Sienna attended The Academy Camps in 2015 and 2016. This is her story of hope.


 

When I arrived at The Academy, I was definitely not in a very good place with my faith. But to understand why, you have to know that my grandma was my rock. She had always kept me grounded. She was my amazing example of a good life and the Christian faith. And I had just lost her.

When I lost my grandma, it was like everything was crashing around me. I was depressed. My head wasn’t where it should be. I doubted that God was good, or that he even existed. How could he take her? She was so young and healthy and beautiful, and then I watched her slowly deteriorate. Why would he let this happen? The God I knew wouldn’t have allowed this cruelty.

So you can see why my heart wasn’t into any of it at first during The Academy. I had attended for academic reasons. It seemed like an opportunity to go deeper in my studies. I wasn’t thinking about the faith side of it. But also, I felt like I needed an escape from what I was going through.

Little did I know that instead I was going to face my grief head-on.


When I lost my grandma, it was like everything was crashing around me. I was depressed. My head wasn’t where it should be. I doubted that God was good, or that he even existed.


The first couple days were just a flood of experiences and incredible new relationships. On Monday night, after getting to know my small group, we all went to the beach together. It was beautiful and serene, and we sang the Doxology as the fog rolled in. My grandma loved the beach, and being there brought back so many memories of her. I knew that I wasn't going to be able to escape my grief at Wheatstone, and I cried on the bus all the way home. 

The next couple days just flew by. Then, on Wednesday, it seemed like just a normal day, when two important things happened.

The first was Dr. Smith’s lecture on holiness. It just really hit home. He gave us a picture of learning to live a life that’s pleasing to God that made my doubts begin to wash away. He helped me realize that Jesus experienced our pain and suffering, but stayed holy. Jesus wasn’t a tormentor who had taken my grandma away, he was a loving God who came into my pain. He suffered too.


Jesus wasn’t a tormentor who had taken my grandma away, he was a loving God who came into my pain. He suffered too.


Then, that night, some of us were staying up late with Peter Gross, just talking with each other. People were sharing stories back and forth, and all of a sudden, the Lord put it on my heart to share my story, even though I didn’t want to. I was really scared, but I did it. And the amazing thing is that, even though they hadn't experienced what I did, they listened to me. Most of them were strangers to me, but they cried with me, and they showed me love, and it was incredible.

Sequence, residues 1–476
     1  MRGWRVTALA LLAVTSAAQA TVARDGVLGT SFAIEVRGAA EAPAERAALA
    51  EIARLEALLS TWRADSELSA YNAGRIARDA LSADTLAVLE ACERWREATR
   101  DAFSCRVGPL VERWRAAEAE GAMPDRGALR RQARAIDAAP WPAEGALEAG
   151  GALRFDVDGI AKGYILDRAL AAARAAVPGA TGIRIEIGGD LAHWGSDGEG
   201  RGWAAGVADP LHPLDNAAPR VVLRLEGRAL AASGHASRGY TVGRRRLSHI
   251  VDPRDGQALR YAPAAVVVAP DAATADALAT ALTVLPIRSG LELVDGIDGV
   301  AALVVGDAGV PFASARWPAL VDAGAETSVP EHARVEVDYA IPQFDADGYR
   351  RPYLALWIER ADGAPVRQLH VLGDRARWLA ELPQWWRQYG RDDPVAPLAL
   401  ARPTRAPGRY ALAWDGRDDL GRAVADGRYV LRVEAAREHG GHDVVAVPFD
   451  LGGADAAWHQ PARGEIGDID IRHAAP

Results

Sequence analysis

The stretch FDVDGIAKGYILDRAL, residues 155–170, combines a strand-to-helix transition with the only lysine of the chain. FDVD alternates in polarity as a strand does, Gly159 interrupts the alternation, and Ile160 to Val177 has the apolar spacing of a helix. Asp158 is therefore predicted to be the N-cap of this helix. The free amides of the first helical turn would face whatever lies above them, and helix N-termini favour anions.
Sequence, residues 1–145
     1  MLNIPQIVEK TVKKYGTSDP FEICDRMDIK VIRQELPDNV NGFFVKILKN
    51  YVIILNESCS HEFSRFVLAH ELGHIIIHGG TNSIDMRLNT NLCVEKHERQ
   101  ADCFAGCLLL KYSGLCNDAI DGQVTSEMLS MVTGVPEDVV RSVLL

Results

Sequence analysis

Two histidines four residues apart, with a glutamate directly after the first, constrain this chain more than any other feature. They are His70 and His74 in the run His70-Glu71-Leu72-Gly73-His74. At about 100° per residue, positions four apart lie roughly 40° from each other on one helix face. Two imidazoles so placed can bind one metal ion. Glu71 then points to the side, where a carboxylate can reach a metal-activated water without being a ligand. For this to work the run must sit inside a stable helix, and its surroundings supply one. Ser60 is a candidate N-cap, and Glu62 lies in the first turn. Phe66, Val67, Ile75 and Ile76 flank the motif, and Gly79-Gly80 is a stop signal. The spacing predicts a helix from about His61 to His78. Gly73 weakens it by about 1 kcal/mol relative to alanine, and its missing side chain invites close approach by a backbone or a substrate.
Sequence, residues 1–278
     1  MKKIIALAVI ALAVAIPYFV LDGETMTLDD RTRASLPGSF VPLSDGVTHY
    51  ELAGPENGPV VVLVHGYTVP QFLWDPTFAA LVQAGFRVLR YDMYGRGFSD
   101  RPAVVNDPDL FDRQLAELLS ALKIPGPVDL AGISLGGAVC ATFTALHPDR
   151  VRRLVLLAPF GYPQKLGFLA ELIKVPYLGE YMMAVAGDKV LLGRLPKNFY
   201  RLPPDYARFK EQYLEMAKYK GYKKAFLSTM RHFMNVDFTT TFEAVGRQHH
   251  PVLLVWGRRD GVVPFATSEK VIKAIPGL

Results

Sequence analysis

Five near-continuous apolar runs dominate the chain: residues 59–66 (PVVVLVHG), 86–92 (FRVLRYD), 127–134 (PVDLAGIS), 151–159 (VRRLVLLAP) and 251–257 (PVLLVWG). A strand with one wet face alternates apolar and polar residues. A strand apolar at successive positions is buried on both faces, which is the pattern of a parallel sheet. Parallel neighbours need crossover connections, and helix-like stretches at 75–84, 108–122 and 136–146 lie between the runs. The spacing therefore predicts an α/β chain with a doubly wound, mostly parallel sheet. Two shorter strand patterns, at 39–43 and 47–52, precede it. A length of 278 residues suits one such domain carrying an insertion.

Then, after I stopped crying, I was scared again, but then Peter shared about his grandma’s death, back when he was my age. I discovered that there are others who had gone through my kind of grief too, people who came out stronger in their faith and life. It meant that I wasn’t alone. Jesus had suffered too, and people like Peter had lost a good grandma too, and they had found a way through it.

For the first time, I had hope. I had felt alone in my grief, but now I knew that it could get better, especially with my suffering Lord by my side. I learned that my grieving would take a long time, but that I could get through it. All the people at Wheatstone showed me that God had always been with me, and that, through Jesus and the church, God would help me through. I still talk to Peter sometimes, and some of the people who cried with me when they were strangers have become friends that I'll keep for the rest of my life.


For the first time, I had hope. I had felt alone in my grief, but now I knew that it could get better, especially with my suffering Lord by my side.


That's the big story of Wheatstone showing me hope, but it isn't the whole story. Wheatstone helped grow my faith in so many ways, and it helped me grow as a person. All around, I just came out better. I've learned how to recognize the beauty of things, even when I don't see it at first. I've learned how to argue well in order to find truth. That search for truth and beauty has carried over into my school and my friendships now. It changes the way I see people and the world. 

Wheatstone gives me hope for future generations. There aren’t a lot of people I know who can come alongside youth like me and help this way. And we need it. We need to see how beautiful Christian adulthood is. I want Wheatstone to keep on finding new generations and showing them that, through Christ, they can keep growing up, no matter what. 

 


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